And other things you wish you could say
Plus, why pity is different than compassion
Everyone is operating at their highest capacity at every moment. I like to think this.
When someone gives me a dirty look on the narrow escalator at DSW because they couldn’t get around me. When someone is walking directly toward in a quasi-stagger because he’s staring down at his iPhone. When someone is rude for no apparent reason in line at Whole Foods, because yes, the line at Whole Foods is an intense experience! I like to remind myself that this is that person’s best attempt at life in that moment.
But, man, sometimes a best attempt is pretty shabby, right?
Usually we can easily forgive things like lolly-gagging in line or staggering on the sidewalk. It’s the bigger stuff, the oversights, the crappy attitude, the negativity, the general sourness, the intentional infractions that hit a little harder.
However, if we can remember that this is that person’s best…this is an easy cue for compassion:
If this is your best, then things must be really rough for you. You must be suffering. And I can open my heart to you.
This kind of compassion, when people are exhibiting definitive signs of d-baggy-ness, is not a natural first reaction. I’ll be the first to cop to bouts of pedestrian rage, eye rolls and audible sighs. I know for myself, there’s usually a reason. I’m frustrated because of something going on in my life that has nothing to do with the person who is letting her dog leash span the entire sidewalk.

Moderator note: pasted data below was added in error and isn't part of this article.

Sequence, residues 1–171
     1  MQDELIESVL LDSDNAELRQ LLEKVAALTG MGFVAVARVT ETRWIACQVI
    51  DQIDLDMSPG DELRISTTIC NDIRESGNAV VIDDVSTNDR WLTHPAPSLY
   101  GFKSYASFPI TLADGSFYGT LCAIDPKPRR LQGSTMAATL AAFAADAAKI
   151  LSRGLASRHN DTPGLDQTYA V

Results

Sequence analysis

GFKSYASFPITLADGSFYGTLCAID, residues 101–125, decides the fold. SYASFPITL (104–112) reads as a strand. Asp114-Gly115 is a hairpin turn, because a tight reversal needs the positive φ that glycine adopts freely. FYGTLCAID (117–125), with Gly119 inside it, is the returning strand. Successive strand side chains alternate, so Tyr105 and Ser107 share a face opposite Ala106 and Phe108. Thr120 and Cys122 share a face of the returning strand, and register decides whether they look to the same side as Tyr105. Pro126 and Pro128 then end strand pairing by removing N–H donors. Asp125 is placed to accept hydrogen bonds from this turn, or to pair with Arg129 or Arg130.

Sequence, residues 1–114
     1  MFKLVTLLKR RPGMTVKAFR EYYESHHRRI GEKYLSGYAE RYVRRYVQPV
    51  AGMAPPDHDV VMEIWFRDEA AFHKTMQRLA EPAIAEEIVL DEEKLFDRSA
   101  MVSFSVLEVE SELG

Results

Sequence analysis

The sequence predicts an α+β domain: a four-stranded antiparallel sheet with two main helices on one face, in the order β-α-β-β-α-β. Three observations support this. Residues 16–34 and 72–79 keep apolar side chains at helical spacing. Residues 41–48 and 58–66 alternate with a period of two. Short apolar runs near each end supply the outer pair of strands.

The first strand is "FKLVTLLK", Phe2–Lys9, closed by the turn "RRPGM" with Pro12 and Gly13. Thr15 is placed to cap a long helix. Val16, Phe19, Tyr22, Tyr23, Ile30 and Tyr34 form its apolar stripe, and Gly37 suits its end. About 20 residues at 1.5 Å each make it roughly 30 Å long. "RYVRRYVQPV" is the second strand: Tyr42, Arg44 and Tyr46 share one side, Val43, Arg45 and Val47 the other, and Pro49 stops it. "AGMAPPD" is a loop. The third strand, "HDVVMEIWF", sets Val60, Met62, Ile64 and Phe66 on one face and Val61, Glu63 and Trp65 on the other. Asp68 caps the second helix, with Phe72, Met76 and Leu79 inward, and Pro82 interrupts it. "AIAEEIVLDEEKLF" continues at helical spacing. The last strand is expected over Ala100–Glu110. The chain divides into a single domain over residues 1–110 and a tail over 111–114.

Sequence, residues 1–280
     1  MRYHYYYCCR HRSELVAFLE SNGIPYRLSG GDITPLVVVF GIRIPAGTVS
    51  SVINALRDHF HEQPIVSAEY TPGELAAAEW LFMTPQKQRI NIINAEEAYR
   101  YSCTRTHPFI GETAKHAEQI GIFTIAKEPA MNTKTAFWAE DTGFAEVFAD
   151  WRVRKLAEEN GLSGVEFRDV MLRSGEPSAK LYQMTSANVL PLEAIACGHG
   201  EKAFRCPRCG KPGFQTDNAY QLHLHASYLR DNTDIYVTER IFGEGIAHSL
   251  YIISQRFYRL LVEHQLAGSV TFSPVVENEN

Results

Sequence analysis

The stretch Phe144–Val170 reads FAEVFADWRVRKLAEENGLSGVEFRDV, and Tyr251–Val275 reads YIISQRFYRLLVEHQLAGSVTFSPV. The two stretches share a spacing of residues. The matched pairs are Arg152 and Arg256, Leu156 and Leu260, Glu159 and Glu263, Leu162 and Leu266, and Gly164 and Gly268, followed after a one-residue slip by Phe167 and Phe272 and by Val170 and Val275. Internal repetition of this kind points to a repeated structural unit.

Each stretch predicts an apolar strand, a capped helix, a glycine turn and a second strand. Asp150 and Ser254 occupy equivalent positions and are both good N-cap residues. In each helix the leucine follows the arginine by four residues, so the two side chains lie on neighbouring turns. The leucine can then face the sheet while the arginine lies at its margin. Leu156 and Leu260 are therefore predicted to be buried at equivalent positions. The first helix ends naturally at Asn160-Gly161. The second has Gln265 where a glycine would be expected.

Here are a two reasons why it’s worth the effort to let it slide, and choose to be compassionate.
Engaging puts a pin in the balloon that holds all your positive energy: Someone picks a fight with you on line at Whole Foods and you yell back, you’re right there on the same emotionally drained level as they are. Why would you want to go there? There’s the fray. Stay above it.
Karma, b*tches: You’d want the benefit of the doubt if you were having a bad day and you accidentally, or not, body-checked someone on the escalator. You’re not really a bad person. And likely neither is the person to whom you’re giving the evil eye right now.
Now, how about the fine line between compassion and pity? Pity puts you “above” someone else. Compassion is another way of saying, “I see you, and all you’re going through.”
When was a time in your life when someone showed you unexpected compassion? When was the last time you were called upon to rise above the anger and be compassionate? What did you do?
I’d love to hear from you in the comments below.